No Money, No Opinion: The Conflict Zones of Power and Capital in Hallyu Fandom Networks

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2021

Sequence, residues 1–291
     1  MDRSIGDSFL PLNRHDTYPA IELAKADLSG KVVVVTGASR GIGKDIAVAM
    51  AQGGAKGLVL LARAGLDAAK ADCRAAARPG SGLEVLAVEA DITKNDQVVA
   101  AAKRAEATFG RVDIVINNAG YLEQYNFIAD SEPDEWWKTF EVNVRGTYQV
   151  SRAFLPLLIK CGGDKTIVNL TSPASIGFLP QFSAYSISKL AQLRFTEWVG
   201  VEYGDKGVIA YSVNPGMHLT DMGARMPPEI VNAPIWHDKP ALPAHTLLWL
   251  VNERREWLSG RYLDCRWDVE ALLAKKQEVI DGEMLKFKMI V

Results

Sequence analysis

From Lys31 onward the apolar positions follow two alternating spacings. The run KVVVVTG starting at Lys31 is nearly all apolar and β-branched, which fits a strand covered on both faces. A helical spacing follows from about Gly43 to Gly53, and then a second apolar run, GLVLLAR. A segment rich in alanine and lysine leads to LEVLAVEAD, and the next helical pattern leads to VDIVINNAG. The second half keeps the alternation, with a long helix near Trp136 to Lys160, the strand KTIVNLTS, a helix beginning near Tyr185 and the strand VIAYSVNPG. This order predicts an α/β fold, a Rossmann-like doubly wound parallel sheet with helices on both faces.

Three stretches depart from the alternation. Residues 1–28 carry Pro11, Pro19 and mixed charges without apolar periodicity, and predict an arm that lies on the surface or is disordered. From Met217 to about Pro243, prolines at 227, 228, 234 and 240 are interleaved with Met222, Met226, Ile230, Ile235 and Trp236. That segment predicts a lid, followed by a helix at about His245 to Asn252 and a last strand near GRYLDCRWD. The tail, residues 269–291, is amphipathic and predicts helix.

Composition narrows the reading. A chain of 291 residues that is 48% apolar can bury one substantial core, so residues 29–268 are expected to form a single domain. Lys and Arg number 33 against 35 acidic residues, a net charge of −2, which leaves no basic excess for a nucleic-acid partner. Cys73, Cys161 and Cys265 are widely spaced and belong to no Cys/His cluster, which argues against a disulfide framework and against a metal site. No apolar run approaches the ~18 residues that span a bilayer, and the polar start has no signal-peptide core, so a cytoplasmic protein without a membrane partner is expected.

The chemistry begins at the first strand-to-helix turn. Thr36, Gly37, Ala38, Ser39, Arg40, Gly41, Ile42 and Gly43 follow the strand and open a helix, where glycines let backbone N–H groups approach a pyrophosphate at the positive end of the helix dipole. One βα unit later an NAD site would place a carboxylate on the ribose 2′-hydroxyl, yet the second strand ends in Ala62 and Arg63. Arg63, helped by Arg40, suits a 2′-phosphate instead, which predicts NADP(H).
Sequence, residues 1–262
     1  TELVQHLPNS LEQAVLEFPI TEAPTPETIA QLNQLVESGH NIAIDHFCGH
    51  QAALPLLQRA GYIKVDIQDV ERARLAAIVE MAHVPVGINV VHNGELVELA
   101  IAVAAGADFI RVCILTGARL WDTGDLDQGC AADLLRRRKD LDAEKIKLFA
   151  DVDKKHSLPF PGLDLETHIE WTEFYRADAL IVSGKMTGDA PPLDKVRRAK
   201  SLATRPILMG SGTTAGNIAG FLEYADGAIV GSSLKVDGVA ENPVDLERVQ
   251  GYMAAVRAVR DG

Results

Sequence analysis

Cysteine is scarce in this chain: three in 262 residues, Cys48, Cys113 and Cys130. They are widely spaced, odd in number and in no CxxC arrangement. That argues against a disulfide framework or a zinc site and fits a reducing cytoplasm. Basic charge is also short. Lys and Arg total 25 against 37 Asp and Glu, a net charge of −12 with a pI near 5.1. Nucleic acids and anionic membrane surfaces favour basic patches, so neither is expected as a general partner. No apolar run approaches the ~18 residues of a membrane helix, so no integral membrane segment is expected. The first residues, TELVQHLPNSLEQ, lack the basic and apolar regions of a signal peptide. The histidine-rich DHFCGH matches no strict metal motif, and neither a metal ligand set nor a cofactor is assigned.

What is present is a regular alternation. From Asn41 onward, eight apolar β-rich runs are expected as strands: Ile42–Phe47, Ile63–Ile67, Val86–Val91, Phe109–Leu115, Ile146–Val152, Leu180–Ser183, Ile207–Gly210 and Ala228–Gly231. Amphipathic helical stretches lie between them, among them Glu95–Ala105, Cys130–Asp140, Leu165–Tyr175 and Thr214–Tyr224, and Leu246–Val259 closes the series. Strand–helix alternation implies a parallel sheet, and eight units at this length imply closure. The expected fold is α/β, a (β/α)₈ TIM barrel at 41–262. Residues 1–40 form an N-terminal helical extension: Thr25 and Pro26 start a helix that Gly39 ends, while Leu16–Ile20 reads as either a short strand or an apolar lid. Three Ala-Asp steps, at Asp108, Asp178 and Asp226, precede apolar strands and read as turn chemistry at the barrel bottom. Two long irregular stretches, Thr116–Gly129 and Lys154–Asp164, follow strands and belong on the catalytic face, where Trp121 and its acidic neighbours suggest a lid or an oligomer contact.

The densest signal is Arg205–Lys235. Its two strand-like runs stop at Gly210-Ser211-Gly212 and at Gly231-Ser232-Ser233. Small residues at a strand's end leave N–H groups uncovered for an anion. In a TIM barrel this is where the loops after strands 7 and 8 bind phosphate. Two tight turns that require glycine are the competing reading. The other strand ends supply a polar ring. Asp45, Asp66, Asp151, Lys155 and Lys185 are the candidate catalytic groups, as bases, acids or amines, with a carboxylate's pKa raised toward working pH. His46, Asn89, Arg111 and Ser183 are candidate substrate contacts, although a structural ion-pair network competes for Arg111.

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In the age of Web 2.0 and particularly since the early 2010s, social media platforms have served as spaces for fans around the world to connect with one another in “imagined communities” to express joint affect for their beloved objects and texts. However, instead of a utopia-like community, online fandom has become a polarized battleground that fragments by the day. This is not a new phenomenon that has arisen because of the internet, but online networks have enabled fans to reach each other with unprecedented ease and speed, allowing for more opportunities to clash. As these rifts intensify, fans continue to create segregated spheres of fan identity, and must continuously renegotiate their relationships across these axes of power. By conceptualizing groups of fans as subnetworks in a network society as theorized by Manuel Castells, this thesis illustrates how fans wield networking, network, and networked power to coordinate their social interactions. Fans explicitly leverage Bourdieu’s notions of economic, social, and cultural capital to build fan subcultural capital that structures their networks. Ultimately, power is derived from geographic and cultural proximity to the media object, which exacerbates differences between fans’ cultural frameworks. These subnetworks of fans, in turn, have become attached to and identified by their geographic and cultural backgrounds, which creates intense rivalries between domestic and international fans. However, the emergence of COVID-19 and the movement online have illuminated instabilities within these subnetworks, suggesting that fans are not as strongly bound to this framework as they think. Rather than culture as the main subnetwork boundary and determinant of opinion, this thesis proposes a consideration of different “realities” occupied by subnetworks of fans, which have created completely divergent perceptions of investment, reward, and affect among fans. By analyzing discourse in online communities of Hallyu fans, this thesis explores power dynamics and sources of conflict in Asian transnational fandoms. Current scholarship in Hallyu highlights its industry potential and soft power potential, but there is a lack of scholarship exploring relationships between fans and how they negotiate power with respect to capital. Additionally, scholarship about fan power is largely focused on Western fandom and cannot accurately be used to theorize about Asian fandom due to differences in structure and behavior. Hallyu fandom as a case study thus offers an interesting perspective, given that its fixation on East Asian media objects concentrates power in Asia, which contrasts with typical white or Western hegemonic power, and its hyper-consumerist nature places an even larger emphasis on the importance of capitalistic practices. This thesis, then, highlights the unique aspects of power dynamics within non-Western transnational and transcultural fandom, and the ways in which they challenge us to reconsider existing theories of fans, networks, and power.

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